At times we believe jealousy is the furthest thing from our minds. The truth is it is always close by and waiting to pounce unexpectedly. We are content to hear of the problems of others. It can make us feel improved. It allows us to think of being contented. We are superior to the person whose problems we are listening to. We gain more support in difficult or unhappy times than when we are celebrating cheerful periods. It is curious but we feel better when another is hurting. We feel jealous when another is rejoicing. At first glance we deny this but on a second glance we face the reality of our thoughts.
The competition starts before we are even aware. We begin the competition from the day we are born. Parents actually set up the first rivalry. Babies are judged by who is longer or bigger at birth. It continues with when a baby walks talk’s train’s counts and manipulates objects. Parents may refuse to believe they are remotely in any race but the reality of the matter is from babyhood through adulthood we are programmed to compete.
It is a mystery why we expect so much of ourselves. It is awesome to have lofty goals but when we expect to accomplish more than what even two people are capable of accomplishing, it is time to release some of the burden. Our own goals are so much higher than any expectations others have for us. The trouble is we fault ourselves when we fail to meet all of our challenges. We also run the risk of becoming so defeated that we give up and stop any attempts to achieve any goals.
How many times have we began a discussion with someone and ended up in an angry confrontation, or worse, an escalated battle. It happens. Especially when we are tired or simply overburdened, we tend to allow heightened sensitivities to overcome our thought processes. We may want to straighten out a disagreement or confront another about a sticky situation. Even if we have set the time and place, we still must reflect on what we want to accomplish in this planned argument. We are fooling ourselves by thinking we are trying to resolve the conflict, when we are totally attempting to make our own arguments and win the battle.
Nobody likes unexpected changes. Even good changes leave us floundering for a while. We might think happy events would charge us with happy attitudes. Sometimes the opposite happens. An upcoming marriage is an awesome happening. Everyone is excited. If one checks on the viewpoints of the major players in this event, we discover not all parties are exuberant. There are many sad stories that result from these so called happy changes.
At one time children were taught to use various modes of speech in any circumstance. When in the presence of parents, they might use one form while at school another form. When outside with friends, children could break down the barriers and say just about whatever they wanted. The formal speech was used for those in authority, while the respectful courtesy speech might be used with strangers. Today we have no filters used for anyone at any place or situation we find ourselves in. The result is an insensitivity regarding our fellow human beings. It has also resulted in fostering anger, frustration, aggression and hurt feelings which diminish self-esteem. Quick replies via technology of all sorts are the current mode of speech. How technology is destroying humanity should be contemplated. It is time for us to control technology rather than technology controlling us.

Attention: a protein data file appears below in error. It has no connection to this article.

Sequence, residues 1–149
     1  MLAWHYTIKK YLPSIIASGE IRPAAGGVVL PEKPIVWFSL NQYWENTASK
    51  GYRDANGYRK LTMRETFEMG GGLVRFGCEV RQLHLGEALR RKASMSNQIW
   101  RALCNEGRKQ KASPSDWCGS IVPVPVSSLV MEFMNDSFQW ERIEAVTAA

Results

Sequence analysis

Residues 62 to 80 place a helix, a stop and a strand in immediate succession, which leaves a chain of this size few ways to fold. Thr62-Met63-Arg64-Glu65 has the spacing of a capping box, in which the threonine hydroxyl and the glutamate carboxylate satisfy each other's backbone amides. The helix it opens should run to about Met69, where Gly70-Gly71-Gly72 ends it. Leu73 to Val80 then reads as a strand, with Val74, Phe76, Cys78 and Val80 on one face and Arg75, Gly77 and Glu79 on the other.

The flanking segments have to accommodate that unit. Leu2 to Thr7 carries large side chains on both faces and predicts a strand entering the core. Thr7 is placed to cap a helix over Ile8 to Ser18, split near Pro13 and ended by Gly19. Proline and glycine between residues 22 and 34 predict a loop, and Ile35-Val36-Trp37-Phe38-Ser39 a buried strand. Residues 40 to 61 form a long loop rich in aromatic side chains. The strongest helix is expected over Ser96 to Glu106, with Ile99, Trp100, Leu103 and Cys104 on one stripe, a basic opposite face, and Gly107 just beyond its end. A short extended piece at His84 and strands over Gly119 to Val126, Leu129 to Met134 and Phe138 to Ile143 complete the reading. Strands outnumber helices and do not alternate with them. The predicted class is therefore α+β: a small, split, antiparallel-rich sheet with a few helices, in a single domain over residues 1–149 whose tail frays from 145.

I wonder how many people admire rule breakers, or are inspired by them. We perceive them as courageous. The truth is they are seekers of a moment of fame. Recognizing what fame is helps us to understand who deserves it. There will be no mention of those people who deserve a bit of fame for taking care of their neighbors. Such people watch out for others when the need arises. A wife is left alone when her husband is on a business trip. Neighbors keep a watch. Kindness is when an older woman is left widowed and has a house to shovel out or a yard to clean. Honor is when a neighbor gets a prescription for a sick neighbor. These people are not all friends; they just care about a fellow human being. That is altruistic. They are not looking for anything in return, nor do they expect anything in return.
At various times we have a conflict with a friend or relative. It is common and is usually the result of either person having a bad day. For a variety of reasons, we fail to mend the quarrel. The longer we take to amend the clash, the worse things get and the more uncomfortable we feel. What began as a disagreement mushrooms into a battle and then war? Neither party wants to confront the opposing foe.
The third pitfall to avoid is misconstruing what others say. If one doesn’t then it may place us as close to a disaster in a relationship as anyone could get. Many times we misinterpret what others say and flavor the words with our own ideas. This obviously haunts us and leads our minds down roads that we were never meant to travel. Our feelings take over because we assume it is all about us. Words can hurt us. If we question what is said it allows for discourse and understanding although an others motives for the dialogue may still appear as secretive.